The official numbers have been crunched at long last, and there is now a definitive answer to how much more Rocky Mountain Power rates will be for at least the first part of its two-part rate increase requests.
According to an email from the Wyoming Public Service Commission to Cowboy State Daily, decisions made in the case have resulted in an 8.3% rate hike instead of the requested 21.9%.
That is far less than the half that media had earlier reported, relying on calculations from unnamed sources.
The 8.3% rate increase will mean $53.9 million for Rocky Mountain Power, versus $137 million, according to the email. It’s an overall average increase over current rates, which goes into effect Jan. 1.
Rocky Mountain Power officials confirmed the figures sent to Cowboy State Daily are correct.
“Our request was based on sound effective evidence submitted of the prudent actions taken to provide service to Wyoming customers,” Rocky Mountain Power spokesman David Eskelsen told Cowboy State Daily. “We’ll review the commission’s final written order, then determine our next steps.”
The decrease was the result of 25 pages of decisions the Wyoming Public Service Commission made after a complicated rate case that included seven days of testimony from 29 witnesses, 400-some exhibits and more than 5,000 comments from an irate public.
What that rate increase is going to mean on an average consumer’s bill will be part of the PSC’s final written order, once it has been filed. That is due no later than Dec. 29, after which the rates will be effective on Jan. 1.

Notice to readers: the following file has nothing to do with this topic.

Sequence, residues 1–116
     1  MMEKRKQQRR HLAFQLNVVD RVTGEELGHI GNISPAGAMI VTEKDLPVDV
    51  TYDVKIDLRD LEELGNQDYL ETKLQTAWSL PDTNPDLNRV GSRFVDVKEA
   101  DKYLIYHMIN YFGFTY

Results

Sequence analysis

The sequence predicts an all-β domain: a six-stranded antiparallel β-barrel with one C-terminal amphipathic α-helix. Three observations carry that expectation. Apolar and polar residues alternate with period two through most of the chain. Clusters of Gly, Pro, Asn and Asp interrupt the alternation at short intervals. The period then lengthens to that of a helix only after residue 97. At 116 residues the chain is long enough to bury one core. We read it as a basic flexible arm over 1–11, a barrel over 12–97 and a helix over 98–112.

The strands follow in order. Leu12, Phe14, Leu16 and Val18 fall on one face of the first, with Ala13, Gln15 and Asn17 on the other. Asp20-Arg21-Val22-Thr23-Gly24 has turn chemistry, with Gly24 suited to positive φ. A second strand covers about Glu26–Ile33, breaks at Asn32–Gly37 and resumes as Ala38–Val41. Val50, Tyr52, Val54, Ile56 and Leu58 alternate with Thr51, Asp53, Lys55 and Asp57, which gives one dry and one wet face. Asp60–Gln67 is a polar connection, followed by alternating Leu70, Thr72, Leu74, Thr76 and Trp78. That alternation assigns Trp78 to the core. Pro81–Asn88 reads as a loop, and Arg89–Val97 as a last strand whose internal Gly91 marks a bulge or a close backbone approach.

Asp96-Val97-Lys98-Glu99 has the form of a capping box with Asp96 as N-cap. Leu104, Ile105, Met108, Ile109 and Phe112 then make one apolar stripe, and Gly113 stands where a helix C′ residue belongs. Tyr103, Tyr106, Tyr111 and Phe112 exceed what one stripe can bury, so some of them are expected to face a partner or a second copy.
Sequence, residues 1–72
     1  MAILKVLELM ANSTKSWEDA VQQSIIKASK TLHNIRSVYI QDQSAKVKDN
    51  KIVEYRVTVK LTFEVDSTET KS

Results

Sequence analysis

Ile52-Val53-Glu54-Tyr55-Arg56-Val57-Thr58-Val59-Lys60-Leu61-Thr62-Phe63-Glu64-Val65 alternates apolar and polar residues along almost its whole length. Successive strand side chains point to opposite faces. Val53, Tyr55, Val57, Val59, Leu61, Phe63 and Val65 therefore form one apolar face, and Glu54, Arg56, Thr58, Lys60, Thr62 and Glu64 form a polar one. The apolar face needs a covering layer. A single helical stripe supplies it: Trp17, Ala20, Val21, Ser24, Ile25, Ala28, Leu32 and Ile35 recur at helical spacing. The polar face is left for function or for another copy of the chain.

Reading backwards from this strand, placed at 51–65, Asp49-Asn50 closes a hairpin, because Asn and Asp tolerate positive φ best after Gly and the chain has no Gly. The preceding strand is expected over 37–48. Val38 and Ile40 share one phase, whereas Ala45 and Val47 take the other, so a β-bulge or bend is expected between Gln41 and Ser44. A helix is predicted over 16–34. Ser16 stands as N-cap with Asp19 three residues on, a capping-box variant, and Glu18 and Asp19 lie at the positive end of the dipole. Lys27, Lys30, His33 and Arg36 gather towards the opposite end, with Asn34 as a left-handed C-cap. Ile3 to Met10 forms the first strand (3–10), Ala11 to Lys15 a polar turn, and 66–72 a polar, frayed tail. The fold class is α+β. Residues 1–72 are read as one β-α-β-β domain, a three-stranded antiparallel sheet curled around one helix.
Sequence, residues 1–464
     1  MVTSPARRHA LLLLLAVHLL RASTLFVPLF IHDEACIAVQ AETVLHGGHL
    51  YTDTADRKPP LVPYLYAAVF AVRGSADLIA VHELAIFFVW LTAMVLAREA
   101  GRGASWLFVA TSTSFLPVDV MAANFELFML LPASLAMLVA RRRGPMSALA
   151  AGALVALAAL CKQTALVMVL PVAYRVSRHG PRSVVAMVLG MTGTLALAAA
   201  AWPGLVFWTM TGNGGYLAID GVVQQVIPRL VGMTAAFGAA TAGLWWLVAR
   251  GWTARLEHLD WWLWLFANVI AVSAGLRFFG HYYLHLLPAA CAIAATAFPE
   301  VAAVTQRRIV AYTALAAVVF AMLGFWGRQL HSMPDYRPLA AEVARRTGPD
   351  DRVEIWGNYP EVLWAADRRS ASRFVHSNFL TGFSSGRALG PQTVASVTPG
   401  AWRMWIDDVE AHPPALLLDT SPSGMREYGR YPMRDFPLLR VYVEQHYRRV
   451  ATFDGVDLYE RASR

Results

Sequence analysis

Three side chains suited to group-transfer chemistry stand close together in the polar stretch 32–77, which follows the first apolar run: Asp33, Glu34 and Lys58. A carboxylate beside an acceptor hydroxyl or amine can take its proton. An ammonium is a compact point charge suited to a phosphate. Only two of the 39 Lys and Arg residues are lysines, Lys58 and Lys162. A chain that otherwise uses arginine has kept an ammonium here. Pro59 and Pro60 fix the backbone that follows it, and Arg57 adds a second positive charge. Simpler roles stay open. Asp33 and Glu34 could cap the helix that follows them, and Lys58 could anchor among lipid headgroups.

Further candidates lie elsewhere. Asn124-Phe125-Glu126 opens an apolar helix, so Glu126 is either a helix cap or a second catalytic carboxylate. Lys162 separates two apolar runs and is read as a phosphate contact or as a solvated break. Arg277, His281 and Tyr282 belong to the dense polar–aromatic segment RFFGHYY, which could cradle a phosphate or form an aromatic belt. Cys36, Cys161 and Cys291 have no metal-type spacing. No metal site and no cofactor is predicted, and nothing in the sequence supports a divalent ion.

The Two-Part Rate Increase Continues
The 21.9% rate increase Rocky Mountain Power had sought was just part one of a two-part rate increase request.
It’s what is known as a general rate case, which happens every two or three years.
In a general rate case, the company goes before the Public Service Commission to make its case that things have changed in the energy market and base rates need to increase so that the company can keep pace and continue to provide reliable power.
The second part of Rocky Mountain’s rate increase request is for a 7.6% energy adjustment, which seeks to “true up” estimated energy costs with what actually happened out in the real world.
Wyoming Public Service Commissioners will take that up next, on Dec. 19.
Together, the two rate increases amounted to an almost a 30% hike. That led to outrage from the general public and drew five intervenors to the case, some of whom went so far as to run their own figures through Rocky Mountain’s Aurora model, in a successful effort to cast doubt on Rocky Mountain’s contention that its new base rate should rise by almost 22%.
A Door Is Still Open
While Wyoming consumers may be breathing a sigh of relief that the commission has not approved a 21.9% increase, it may be too soon to relax.
The Wyoming Public Service Commission is bound by law to ensure rates are just and reasonable, but, as an integral part of that, it cannot really reject any “prudently incurred” costs either.